1. Limited time only! Sign up for a free 30min personal tutor trial with Chegg Tutors
    Dismiss Notice
Dismiss Notice
Join Physics Forums Today!
The friendliest, high quality science and math community on the planet! Everyone who loves science is here!

Extending a uniformly cont function on an open interval to a closed interval?

  1. Oct 23, 2011 #1
    1. The problem statement, all variables and given/known data
    Show that the function [itex]f: J → ℝ[/itex] is bounded if [itex]f[/itex] is uniformly continuous on the bounded interval J.


    2. Relevant equations
    J is a bounded interval, so say J = (a,b)

    [itex]f[/itex] is uniformly continuous on J, so
    [itex]\forall \epsilon > 0[/itex] there exists a [itex]\delta > 0[/itex] such that for [itex]s,t \in J = (a,b)[/itex]
    [itex]|f(s) - f(t)| < \epsilon[/itex] whenever [itex]|s - t| < \delta[/itex]

    [itex]f: J → ℝ[/itex] is bounded if there exists a real number M such that |f(x)| ≤ M for all x in J.


    3. The attempt at a solution
    I think that if I can extend [itex]f[/itex] to the endpoints of J, then I can use the Extreme Value Theorem to say that [itex]f[/itex] attains a min and max value, i.e. is bounded. So I need to define [itex]f(a)[/itex] and [itex]f(b)[/itex].

    [itex]f(a) = \lim_{n→∞}{f(a + \frac{1}{n})}[/itex]
    [itex]f(b) = \lim_{n→∞}{f(b - \frac{1}{n})}[/itex]

    Where clearly [itex]f[/itex] is defined on [itex][a + \frac{1}{n}, b - \frac{1}{n}][/itex] for all [itex]n \in ℕ[/itex]


    Am I on the right track? I don't feel like I've used the fact that [itex]f[/itex] is uniformly continuous on J. Is it because [itex]f[/itex] is uniformly continuous that I'm able to define [itex]f(a)[/itex] and [itex]f(b)[/itex]?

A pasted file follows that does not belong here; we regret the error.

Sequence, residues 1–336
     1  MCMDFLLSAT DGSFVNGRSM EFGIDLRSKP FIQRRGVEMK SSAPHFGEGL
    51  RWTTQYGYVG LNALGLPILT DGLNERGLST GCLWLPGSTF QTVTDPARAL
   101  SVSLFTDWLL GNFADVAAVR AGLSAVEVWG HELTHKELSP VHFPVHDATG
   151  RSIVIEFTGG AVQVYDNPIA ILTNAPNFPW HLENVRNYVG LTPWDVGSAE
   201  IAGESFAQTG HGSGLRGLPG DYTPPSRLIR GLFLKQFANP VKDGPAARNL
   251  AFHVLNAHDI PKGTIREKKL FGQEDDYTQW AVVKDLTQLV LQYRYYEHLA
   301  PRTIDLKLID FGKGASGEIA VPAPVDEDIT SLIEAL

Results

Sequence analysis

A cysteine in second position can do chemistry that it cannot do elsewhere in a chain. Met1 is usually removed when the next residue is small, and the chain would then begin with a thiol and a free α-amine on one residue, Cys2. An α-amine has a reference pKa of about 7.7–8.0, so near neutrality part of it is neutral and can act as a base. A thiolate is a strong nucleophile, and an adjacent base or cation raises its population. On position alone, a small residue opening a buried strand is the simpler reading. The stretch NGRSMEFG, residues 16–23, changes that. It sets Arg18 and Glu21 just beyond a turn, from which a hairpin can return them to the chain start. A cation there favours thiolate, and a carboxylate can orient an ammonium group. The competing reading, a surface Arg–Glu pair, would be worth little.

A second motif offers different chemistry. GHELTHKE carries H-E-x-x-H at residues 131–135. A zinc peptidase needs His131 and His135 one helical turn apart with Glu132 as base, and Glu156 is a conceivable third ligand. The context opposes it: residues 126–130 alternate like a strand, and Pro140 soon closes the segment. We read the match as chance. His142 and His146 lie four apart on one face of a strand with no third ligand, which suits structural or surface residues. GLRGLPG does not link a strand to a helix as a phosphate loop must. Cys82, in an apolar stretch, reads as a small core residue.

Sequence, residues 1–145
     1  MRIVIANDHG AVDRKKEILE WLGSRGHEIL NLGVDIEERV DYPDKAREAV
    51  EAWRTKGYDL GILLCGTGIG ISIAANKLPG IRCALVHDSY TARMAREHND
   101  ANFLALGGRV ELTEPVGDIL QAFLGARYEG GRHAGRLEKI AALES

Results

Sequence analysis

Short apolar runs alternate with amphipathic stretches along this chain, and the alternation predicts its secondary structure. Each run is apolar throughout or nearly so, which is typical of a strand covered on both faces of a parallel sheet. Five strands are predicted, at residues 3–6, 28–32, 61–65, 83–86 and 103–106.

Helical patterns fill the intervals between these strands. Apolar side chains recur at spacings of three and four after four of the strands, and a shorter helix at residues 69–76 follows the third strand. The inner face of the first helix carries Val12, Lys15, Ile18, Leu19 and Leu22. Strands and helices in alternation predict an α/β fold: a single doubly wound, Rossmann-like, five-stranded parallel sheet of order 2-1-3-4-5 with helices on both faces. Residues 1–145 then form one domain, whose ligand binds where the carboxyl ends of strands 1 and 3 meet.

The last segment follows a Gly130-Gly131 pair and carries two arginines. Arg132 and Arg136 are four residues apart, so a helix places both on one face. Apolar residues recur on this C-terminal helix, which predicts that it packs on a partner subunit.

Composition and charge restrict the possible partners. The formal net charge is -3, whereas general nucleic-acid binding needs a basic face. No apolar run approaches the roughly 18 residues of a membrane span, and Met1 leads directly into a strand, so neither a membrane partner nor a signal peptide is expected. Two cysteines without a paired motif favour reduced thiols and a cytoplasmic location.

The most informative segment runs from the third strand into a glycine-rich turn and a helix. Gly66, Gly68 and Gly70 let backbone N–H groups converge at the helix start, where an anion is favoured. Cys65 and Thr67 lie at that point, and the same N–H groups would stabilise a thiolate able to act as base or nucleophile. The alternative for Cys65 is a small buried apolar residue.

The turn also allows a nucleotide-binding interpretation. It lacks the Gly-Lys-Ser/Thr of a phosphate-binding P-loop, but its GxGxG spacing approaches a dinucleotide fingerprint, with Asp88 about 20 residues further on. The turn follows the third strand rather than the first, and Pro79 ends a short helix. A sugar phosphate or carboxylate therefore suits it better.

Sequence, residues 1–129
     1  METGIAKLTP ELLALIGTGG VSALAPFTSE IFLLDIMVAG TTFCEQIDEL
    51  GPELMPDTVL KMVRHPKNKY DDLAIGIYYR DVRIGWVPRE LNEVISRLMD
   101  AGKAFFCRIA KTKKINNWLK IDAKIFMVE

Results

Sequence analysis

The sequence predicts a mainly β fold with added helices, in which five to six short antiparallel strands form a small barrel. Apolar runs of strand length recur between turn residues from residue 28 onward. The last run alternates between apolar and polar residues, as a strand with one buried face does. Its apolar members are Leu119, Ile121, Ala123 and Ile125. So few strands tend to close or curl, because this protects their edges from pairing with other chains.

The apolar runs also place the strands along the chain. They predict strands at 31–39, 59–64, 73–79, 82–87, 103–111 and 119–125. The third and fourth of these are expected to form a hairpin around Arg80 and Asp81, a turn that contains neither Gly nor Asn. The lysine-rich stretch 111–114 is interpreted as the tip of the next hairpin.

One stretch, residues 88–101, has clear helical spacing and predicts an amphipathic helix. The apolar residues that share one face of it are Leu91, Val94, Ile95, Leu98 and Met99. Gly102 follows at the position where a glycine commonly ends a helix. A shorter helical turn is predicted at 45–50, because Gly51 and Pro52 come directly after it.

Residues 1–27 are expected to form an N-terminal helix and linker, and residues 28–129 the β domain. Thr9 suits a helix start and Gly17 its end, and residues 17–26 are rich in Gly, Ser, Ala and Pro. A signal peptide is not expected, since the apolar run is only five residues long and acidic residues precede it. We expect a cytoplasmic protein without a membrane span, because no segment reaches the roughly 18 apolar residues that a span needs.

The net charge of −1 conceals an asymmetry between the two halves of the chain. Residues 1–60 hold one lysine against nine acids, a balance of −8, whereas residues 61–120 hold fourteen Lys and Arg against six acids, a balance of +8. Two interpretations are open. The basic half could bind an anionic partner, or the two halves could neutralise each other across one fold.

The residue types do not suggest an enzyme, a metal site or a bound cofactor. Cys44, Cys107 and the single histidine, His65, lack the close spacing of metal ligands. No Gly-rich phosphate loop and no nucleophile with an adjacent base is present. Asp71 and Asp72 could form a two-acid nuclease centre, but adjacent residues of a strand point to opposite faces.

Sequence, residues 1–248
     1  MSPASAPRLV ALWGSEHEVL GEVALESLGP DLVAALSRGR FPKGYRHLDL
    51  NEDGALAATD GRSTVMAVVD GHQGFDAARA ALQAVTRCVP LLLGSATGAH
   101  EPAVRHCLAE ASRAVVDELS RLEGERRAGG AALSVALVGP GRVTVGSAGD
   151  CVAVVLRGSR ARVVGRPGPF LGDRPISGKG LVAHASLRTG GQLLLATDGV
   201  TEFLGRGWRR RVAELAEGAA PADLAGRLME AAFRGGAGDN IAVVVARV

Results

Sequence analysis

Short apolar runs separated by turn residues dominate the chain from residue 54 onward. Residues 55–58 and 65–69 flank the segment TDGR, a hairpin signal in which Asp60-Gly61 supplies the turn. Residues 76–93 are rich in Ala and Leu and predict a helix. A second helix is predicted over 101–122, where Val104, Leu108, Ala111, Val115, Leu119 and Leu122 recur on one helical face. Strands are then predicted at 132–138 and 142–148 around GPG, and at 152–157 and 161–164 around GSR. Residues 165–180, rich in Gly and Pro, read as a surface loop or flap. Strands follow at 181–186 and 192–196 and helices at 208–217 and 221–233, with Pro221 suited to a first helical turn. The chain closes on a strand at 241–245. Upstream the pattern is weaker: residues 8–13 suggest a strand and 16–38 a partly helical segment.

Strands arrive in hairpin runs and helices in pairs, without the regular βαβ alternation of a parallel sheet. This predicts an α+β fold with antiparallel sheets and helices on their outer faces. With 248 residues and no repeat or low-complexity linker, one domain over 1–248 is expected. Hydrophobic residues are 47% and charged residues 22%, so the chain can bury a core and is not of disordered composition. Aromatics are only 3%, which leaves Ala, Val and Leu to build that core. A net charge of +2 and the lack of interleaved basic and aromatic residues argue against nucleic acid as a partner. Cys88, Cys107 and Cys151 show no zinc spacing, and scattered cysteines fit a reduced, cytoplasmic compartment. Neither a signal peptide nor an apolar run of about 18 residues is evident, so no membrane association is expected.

2. jcsd
  3. Oct 23, 2011 #2
    Try to do this more simply. The idea is to pick x1,....,xn such that every x in J is "close" to one of these xi. This plus uniform continuity will give you what you want.
     
  4. Oct 23, 2011 #3
    But I only know that J is bounded, not that it's closed and bounded. So can't I only say that J = (a,b) and not necessarily J = [a,b]? So I don't immediately know if f is defined at a or b, much less if it's continuous at a and b.
     
  5. Oct 23, 2011 #4
    Okay, nevermind, you changed your post. So... I should define a sequence of, say, rational numbers {xn}, where all xi are in J, such that [itex]lim_{n->∞}{\{x_n\}} = a[/itex] ?

    And similarly, {yn}, where all yi are in J, such that [itex]lim_{n->∞}{\{y_n\}} = b[/itex] ?

    I think that I'm able to do this, but I don't see how it gets me any closer to showing that f is bounded.

    EDIT:

    I guess I can say that

    [itex]lim_{n->∞}{f(x_n)} = f(a)[/itex]
    [itex]lim_{n->∞}{f(y_n)} = f(b)[/itex]

    So f is defined on [a,b]. Do I still have to show it's continuous at a and b to use the extreme value theorem? I don't see how this approach is simpler or much different than the one in my original post.
     
    Last edited: Oct 23, 2011
Know someone interested in this topic? Share this thread via Reddit, Google+, Twitter, or Facebook




Similar Discussions: Extending a uniformly cont function on an open interval to a closed interval?
Loading...